There were a lot of reasons to be excited about this year SAA conference, and I’ll get to more of them eventually. For now, this experience will have to suffice:
While at a Nat Geo reception, my friend pointed out Randall McGuire standing across the room. I had recently read his book review of Flannery and Marcus’ new tome on social inequality. As a marxist archaeologist, Randy didn’t exactly agree with all of their positions. Not only did he point out many of the inherent flaws of their approach, he was pretty funny in the process. In what could have been a harshly critical review, McGuire wrote tongue-and-cheek. I could almost hear him chuckling as I read.
Two issues in particular stood out. First, they assume that social inequality did not exist or existed in some fundamentally different way prior to early complex societies. Though the authors acknowledge inequality in age and gender in hunter-gatherer societies in the earlier chapters, they do little more to address this obvious criticism. Second, like many archaeologists, Flannery and Marcus use modern ethnographic examples. But their presentation of the “timeless ethnographic present” has obvious flaws; namely, that it doesn’t exist.
At any rate, when Randy walked by I had to introduce myself. I told him that I really enjoyed his review, and that I had sent it around to some of my friends on facebook. He was pleased to hear that it had gone viral (sort of). After a couple of minutes it was over. I should have taken a picture…
Ryan at Savage Minds wrote about the House panel scrutiny of the Social, Behavioral, and Economic (SBE) sciences division of the NSF. His post is a nice summary of the proceedings and testimonies of witnesses. what I want to talk about here are two issues: Peter Wood, one of the testifying witnesses, and the public perception of Anthropology.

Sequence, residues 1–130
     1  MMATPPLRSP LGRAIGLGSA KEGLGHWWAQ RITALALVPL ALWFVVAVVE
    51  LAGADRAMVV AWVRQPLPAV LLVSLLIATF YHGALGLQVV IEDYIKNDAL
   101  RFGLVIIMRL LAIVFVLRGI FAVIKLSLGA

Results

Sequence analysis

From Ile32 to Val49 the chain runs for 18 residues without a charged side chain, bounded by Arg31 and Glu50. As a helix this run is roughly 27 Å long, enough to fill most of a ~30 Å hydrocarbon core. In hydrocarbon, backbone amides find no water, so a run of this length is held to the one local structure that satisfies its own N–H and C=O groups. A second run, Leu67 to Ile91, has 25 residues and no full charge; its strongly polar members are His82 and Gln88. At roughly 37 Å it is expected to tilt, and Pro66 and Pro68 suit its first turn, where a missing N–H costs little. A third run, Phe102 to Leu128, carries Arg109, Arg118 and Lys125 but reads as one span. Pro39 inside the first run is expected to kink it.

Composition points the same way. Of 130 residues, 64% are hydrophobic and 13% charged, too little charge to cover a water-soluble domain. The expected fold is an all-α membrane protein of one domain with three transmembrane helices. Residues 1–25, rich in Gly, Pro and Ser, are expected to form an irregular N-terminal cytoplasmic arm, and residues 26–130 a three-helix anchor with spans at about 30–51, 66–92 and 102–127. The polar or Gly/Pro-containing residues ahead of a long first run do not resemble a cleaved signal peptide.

Peter Wood is the President of the National Association of Scholars, and apparently an anthropologist. Here are some of Wood’s suggestions for making cuts to the SBE from the Chronicle:
Pay attention to the rise of anti-scientific ideologies within SBE disciplines. In my field of anthropology, for example, the recent controversy over the attempt by the Executive Board of American Anthropological Association to jettison “science” from the AAA’s mission statement is a pertinent example. Should NSF fund “social science” research in fields that reject the paradigm of scientific investigation?
Cut funding for economics. Alternative funding for research in economics is abundant.
Cut funding for social-science dissertations. It is perfectly possible for graduate students to complete dissertations while supporting themselves.
Cut every program that is designed to advance women and minorities in the social sciences. Women and minorities are seldom disadvantaged in these fields, and anyway it isn’t the task of the National Science Foundation to engage in social policy.
I don’t agree with Wood’s characterization of the #AAAFail controversy, especially the notion that the AAA executive board attempted to “jettison” science from the mission statement. This portrayal is plain wrong. Furthermore, I don’t think Wood is the best spokesman for anthropology, let alone science. As an advocate for teaching intelligent design alongside evolution he himself is engaging in social policy and pushing an anti-scientific ideological agenda.
Anthropologists need to try harder to engage these issues publicly. The hype of the #AAAFail controversy resonates with people like Peter Wood, who is validating that hype to members of Congress. Wood and his colleagues are setting up a dangerous divide between ‘hard-science’ and ‘soft-science’ disciplines: where project funding is drawn on ideological lines; where science produces more legitimate, useful research than social science. His argument that funding should be cut to dissertation research, women, and minorities is based on this ideology, rather than actual inequalities between science and non-science fields.